The state of Texas filed a multimillion-dollar lawsuit Monday against Farmers Group of Insurance Cos., alleging the Los Angeles company charged Texas policyholders higher premiums to pay for disasters in other states, improperly used credit histories to set rates and wrongly limited coverage for water damage.
The lawsuit, filed in state court in Austin, is part of a national backlash against insurance industry efforts to raise premiums, limit coverage and in some cases quit whole lines of business. Insurers say these actions are a response to the double whammy of rising claims and declining profits on investments. But a national coalition of consumer groups recently accused the industry of using these factors as an excuse for price gouging.
At a news conference, Texas Gov. Rick Perry and Atty. Gen. John Cornyn said their accusations grew out of a continuing investigation of property insurers in the state, which is a major battle zone for lawsuits over mold-related illnesses--claims the industry portrays as one of the chief threats to its financial health. Farmers, a unit of Zurich Financial Services, writes about 20% of the homeowner policies in Texas.
Texas officials said their lawsuit asks that Farmers be fined millions of dollars for alleged deceptive practices and that it be forced to refund as much as $140 million to its Texas policyholders.
In a statement, Farmers denied it has violated Texas laws, and its Texas chief executive, John Hageman, accused Perry and Cornyn of "political harassment." Perry is up for reelection on the Republican ticket this year and Cornyn is the GOP nominee for U.S. Senate. Zurich, which is based in Switzerland, didn't immediately reply to a request for comment.
Investment profits during the late 1990s allowed property insurers to offset losses on operations and keep premiums low in a battle for market share.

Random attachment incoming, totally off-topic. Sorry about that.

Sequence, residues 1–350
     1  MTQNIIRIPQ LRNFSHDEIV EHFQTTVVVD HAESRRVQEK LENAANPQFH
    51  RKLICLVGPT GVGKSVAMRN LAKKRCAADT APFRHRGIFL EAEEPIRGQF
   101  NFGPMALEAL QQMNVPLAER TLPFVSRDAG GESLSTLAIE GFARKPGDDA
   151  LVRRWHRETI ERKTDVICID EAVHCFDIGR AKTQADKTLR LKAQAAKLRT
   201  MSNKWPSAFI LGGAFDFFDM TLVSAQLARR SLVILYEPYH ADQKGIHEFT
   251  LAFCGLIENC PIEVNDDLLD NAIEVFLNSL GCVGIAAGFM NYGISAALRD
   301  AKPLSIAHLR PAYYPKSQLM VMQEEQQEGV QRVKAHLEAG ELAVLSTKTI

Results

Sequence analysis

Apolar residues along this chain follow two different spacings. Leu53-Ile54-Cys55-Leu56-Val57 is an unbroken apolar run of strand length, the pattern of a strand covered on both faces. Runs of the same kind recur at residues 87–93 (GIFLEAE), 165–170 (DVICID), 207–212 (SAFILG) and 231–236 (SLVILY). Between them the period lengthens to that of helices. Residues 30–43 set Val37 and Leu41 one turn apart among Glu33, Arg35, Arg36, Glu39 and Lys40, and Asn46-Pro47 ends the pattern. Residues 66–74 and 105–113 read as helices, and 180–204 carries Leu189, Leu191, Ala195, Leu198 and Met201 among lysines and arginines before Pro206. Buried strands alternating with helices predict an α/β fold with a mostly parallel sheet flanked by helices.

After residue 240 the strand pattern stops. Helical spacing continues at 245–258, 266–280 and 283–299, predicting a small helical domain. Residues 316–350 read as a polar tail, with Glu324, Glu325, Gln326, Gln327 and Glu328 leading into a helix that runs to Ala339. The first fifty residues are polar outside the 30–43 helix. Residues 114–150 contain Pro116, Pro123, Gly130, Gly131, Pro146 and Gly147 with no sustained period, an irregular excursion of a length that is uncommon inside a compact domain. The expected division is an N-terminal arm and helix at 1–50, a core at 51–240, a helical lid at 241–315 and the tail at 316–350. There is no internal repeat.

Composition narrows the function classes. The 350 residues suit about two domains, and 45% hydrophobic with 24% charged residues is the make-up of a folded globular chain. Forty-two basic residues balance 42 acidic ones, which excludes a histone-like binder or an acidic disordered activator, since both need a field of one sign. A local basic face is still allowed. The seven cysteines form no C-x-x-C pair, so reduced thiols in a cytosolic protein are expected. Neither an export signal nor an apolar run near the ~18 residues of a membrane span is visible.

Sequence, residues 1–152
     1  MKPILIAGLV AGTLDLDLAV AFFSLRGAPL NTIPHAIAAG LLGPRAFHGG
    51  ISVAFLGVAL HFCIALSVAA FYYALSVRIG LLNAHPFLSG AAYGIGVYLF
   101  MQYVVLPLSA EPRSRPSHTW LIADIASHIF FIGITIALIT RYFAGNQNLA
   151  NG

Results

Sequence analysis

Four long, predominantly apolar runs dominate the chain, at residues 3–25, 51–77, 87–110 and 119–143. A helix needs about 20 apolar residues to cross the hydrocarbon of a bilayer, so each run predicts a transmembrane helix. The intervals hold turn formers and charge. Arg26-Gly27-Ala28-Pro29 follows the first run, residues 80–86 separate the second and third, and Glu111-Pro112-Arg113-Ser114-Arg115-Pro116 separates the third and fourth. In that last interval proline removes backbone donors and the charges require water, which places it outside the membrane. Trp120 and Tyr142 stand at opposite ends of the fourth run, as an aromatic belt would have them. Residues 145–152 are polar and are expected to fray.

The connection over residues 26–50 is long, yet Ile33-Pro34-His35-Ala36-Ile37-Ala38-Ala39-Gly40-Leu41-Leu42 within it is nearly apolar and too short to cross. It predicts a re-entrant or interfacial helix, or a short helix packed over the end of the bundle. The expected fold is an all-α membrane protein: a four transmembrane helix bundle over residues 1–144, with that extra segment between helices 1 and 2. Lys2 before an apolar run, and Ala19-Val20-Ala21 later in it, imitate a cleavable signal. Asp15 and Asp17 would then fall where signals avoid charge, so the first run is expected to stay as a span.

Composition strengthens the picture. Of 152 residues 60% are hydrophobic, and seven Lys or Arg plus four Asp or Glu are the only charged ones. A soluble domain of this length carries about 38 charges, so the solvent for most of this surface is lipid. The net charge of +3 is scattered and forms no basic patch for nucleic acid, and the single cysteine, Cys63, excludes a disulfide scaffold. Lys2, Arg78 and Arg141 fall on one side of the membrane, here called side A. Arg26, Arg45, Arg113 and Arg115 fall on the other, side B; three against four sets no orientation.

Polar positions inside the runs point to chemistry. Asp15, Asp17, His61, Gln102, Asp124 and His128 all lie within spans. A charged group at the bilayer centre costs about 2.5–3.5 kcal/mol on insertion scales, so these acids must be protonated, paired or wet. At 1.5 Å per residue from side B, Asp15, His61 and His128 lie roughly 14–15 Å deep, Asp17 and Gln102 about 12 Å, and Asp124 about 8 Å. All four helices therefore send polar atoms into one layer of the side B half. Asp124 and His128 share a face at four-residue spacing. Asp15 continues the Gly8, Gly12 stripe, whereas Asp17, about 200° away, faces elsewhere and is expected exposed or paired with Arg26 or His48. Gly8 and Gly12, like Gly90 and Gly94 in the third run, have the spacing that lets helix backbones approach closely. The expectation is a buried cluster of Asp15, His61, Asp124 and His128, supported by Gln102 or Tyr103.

But as investment markets were hammered last year, the U.S. property-casualty industry recorded its first net loss after taxes, a deficit of $7.9 billion, according to the Insurance Services Office, an industry-funded data center.
In California, insurers of homes and autos this year have filed 241 requests for rate increases with the Department of Insurance. Similar actions across the nation caused Americans for Insurance Reform, a New York-based coalition of consumer groups, to write July 30 to insurance commissioners in all 50 states calling for tougher regulation of the companies.
The Texas case "is part of the same insurance cycle we are seeing here in California, in which insurance companies try to pass their own investment losses on to consumers--either in higher rates or reduced coverage," said Douglas Heller of the Foundation for Taxpayer and Consumer Rights in Santa Monica. He said the industry's finances are fundamentally healthy, and it "is trying to get consumers to shoulder [its] losses in a bear market."
Saying homeowner's insurance will be an emergency issue in the next legislative session, Cornyn this year called for new laws giving the state the ability to impose across-the-board rate freezes and to restrict the use of credit scoring to set rates.